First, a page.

Experiments are projects that test a hypothesis and identify findings to answer questions or solve problems (examples: “What is the Best Environment for Yeast Fermentation?,” “Which Paper Towel is More Absorbent?,” or “The Effect of Detergent on the Growth of Plants”).  


The scientific method is a way to ask and answer scientific questions by making observations and doing experiments.  The steps of the scientific method are to:

  • Ask a question

  • Do background research

  • Construct a hypothesis

  • Write a procedure (experiment plan) and identify variables

  • Test your hypothesis by doing an experiment, using variables

  • Record and Analyze your data

  • Draw a conclusion

For more information on the Scientific Method, visit:

2. Identify a topic.

Talk to your teacher and parents about topics that interest you.  With your parents help, search the internet for ideas or visit the library to find a topic that interests you and determine what you will need to do complete your project.  For help with project topics and ideas, website links are provided below.

3. Get project assistance when needed.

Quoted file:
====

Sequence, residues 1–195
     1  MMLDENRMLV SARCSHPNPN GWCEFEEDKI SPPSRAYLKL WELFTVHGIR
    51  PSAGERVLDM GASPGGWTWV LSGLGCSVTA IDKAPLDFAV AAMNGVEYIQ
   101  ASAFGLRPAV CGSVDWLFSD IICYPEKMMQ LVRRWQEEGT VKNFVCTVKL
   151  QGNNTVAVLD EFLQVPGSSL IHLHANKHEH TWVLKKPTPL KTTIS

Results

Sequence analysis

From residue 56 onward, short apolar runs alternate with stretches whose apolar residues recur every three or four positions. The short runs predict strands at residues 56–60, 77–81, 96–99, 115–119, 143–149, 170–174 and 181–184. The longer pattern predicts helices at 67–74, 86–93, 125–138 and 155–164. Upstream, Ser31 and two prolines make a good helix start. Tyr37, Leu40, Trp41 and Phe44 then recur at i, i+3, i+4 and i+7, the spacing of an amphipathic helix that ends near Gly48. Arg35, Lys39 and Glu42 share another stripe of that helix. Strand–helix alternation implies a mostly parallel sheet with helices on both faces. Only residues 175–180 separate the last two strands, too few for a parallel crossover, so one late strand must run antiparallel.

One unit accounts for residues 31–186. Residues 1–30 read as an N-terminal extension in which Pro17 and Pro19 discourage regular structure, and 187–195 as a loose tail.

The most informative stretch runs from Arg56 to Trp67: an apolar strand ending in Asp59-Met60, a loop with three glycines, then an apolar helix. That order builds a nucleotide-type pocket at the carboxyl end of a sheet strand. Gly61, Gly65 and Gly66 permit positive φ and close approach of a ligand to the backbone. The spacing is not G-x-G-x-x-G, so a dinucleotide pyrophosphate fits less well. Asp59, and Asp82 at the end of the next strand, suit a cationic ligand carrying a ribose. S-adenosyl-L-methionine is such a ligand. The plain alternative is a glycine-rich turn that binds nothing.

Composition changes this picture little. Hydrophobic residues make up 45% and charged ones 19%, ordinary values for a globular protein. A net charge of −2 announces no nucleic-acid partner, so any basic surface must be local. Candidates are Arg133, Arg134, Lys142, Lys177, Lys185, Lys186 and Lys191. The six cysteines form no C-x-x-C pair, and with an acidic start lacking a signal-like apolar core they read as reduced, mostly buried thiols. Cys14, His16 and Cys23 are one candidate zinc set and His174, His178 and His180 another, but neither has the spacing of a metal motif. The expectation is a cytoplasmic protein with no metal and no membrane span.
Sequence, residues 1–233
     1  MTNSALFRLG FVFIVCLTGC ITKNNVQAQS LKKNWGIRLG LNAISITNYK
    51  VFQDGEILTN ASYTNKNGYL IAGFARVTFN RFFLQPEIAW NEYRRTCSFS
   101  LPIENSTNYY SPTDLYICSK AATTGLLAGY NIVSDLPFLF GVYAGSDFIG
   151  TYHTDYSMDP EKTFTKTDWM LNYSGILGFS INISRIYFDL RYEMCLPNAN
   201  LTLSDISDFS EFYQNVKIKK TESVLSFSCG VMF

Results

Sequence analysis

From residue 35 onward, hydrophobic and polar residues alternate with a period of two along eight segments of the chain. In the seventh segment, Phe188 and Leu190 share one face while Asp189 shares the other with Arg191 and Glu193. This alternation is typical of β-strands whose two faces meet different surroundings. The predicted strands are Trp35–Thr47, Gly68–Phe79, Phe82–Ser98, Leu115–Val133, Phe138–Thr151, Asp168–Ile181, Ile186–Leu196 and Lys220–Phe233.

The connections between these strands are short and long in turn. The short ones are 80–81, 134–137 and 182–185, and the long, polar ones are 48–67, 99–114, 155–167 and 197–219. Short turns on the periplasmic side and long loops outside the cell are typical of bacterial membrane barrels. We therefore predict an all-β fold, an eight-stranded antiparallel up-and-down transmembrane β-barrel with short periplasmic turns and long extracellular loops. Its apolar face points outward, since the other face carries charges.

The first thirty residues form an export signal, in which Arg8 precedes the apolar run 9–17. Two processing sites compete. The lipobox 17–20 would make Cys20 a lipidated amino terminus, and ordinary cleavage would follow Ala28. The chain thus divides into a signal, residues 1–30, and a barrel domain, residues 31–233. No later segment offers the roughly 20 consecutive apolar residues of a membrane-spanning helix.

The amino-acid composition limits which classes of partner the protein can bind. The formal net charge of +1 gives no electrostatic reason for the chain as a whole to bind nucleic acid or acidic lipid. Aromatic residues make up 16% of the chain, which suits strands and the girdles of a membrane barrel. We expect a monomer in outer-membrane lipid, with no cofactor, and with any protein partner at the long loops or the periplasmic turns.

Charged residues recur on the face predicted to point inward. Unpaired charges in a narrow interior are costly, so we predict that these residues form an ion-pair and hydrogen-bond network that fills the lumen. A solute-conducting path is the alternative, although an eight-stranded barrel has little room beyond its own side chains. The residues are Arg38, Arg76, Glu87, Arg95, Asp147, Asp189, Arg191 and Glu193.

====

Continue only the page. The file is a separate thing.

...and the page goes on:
This is YOUR STEAM fair project, not your parents.  However, you may need assistance to find a topic, research, conduct your experiment, draw conclusions, and prepare your presentation.  And, that’s OK.  Reach out to your teachers and parents for help – just make sure that you do the work!

4. Start early – don’t wait until the last minute! 

Projects and experiments require a significant amount of time and prep work – make sure you plan ahead and are not rushed at the last minute.  Some experiments take weeks!

STEAM Fair Project Requirements
  1. All projects will need a free-standing display board. (The example provided is just one way to organize your information.) 

  2. Present a well organized, accurate, and neat project.

  3. Student must provide independent explanation.

STEAM Fair Do’s and Don’ts

Restrictions for FCPS Elementary STEAM Fair Projects


Students are prohibited from using the following organisms in their projects:

  • Molds

  • Bacteria

  • Humans (including human surveys)

  • Vertebrates

  • Explosive or flammable materials


If a student chooses to use invertebrates, it is the parent’s responsibility to make sure that the experiment is done for sound scientific reasons and will not harm the invertebrate unduly.


One of the reasons for these restrictions is that these organisms are taken from the wild and once they are removed from their natural habitat there are too many variables to make it a controlled experiment and also to ensure safety of all fair participants.

Need Project Ideas?  Consider these…


  1. What makes a shadow?